The last word Wisdom ever has to say:
He only earns his Freedom and Existence,
Who’s forced to win them freshly every day.
Childhood, manhood, age’s vigorous years,
Surrounded by dangers, they’ll spend here.
I wish to gaze again on such a land,
Free earth: where a free race, in freedom, stand.
Then, to the Moment I’d dare say:
‘Stay a while! You are so lovely!’
-Faust, by Johann Wolfgang von Goethe
One may assume that a professor of German literature may be familiar with Goethe, but to tell the truth, Goethe, as the master of the century, is quite difficult. Nevertheless, this quote, which I encountered during my college years, is still intact in my memory. The story of Faust, who makes various experiments after signing a pact with the devil, reaches its height when he attempts to build a social utopia. The utopia itself, however, is interesting. Instead of a relaxed and easy-going utopia, it is built on a newly reclaimed land and thus needs to be safeguarded from the mighty waves outside the seawalls. Why was the utopia designed as a place difficult to fight for and maintain?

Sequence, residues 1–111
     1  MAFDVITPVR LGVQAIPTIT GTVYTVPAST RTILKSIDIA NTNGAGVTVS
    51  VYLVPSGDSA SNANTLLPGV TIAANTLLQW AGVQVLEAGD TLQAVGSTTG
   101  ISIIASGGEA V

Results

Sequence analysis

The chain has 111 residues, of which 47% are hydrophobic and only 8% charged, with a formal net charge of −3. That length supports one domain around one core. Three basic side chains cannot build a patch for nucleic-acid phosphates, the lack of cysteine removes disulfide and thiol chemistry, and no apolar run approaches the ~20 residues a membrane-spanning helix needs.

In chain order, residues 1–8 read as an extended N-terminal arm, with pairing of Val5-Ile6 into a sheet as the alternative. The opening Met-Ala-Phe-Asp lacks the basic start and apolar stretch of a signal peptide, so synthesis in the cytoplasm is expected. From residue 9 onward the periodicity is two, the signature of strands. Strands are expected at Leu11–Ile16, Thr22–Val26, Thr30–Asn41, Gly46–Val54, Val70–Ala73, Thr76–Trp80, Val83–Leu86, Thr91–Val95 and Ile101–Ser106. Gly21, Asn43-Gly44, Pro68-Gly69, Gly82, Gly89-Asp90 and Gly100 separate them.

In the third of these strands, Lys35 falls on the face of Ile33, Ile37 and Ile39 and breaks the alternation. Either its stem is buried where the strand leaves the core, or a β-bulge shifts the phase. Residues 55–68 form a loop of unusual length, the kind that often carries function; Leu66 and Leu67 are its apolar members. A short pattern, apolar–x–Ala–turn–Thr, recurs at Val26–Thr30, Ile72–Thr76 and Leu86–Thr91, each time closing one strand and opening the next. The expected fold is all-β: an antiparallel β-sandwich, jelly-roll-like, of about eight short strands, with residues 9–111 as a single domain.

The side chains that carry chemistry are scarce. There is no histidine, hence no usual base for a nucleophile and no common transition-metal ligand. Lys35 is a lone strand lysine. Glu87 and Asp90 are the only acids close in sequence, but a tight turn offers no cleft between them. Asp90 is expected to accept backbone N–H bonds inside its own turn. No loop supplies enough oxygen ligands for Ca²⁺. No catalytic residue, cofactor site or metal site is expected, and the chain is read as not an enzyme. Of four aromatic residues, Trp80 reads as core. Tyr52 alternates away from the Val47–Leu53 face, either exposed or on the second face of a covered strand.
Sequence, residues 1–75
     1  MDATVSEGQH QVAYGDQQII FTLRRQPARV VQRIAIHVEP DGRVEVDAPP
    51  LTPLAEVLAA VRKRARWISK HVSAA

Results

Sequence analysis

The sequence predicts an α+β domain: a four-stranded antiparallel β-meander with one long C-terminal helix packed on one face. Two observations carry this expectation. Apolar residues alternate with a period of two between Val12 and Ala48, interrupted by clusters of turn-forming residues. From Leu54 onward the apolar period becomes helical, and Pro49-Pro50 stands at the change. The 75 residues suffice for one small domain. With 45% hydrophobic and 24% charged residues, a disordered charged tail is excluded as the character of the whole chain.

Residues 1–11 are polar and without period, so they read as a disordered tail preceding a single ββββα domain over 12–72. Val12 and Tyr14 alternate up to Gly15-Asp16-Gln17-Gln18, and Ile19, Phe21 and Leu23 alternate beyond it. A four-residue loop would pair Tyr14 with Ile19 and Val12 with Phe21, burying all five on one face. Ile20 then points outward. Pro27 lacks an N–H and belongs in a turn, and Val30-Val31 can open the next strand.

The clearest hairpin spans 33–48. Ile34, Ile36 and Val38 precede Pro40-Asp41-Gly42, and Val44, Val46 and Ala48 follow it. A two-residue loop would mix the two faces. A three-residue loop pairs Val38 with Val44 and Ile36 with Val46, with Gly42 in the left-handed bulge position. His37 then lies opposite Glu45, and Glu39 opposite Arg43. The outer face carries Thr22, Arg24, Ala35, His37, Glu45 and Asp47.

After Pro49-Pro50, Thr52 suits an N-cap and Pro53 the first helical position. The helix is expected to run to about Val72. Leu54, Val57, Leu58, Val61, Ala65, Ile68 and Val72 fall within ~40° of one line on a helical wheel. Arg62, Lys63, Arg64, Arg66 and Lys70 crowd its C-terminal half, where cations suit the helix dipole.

Today we also find ourselves living in a society where we constantly struggle to maintain everyday living. What we had taken for granted are no longer given, we need to fight for them. Under these circumstances, it is easier to understand why Goethe’s utopia was designed in a realistic way.
However, there is a twist. Faust passes away listening to the hopeful sounds of building the utopia, but it turned out to be a fantasy. The sounds turned out to be hammering of Faust’s own coffin. Goethe might have sensed the illusion of modern society and its development entering the modern age. Still, the utopian model, which stays put with constant effort, offers console to everyone living in the modern age by letting them know that as long as you endeavor to help keep everyday peace, you deserve to enjoy everyday pleasures of utopia.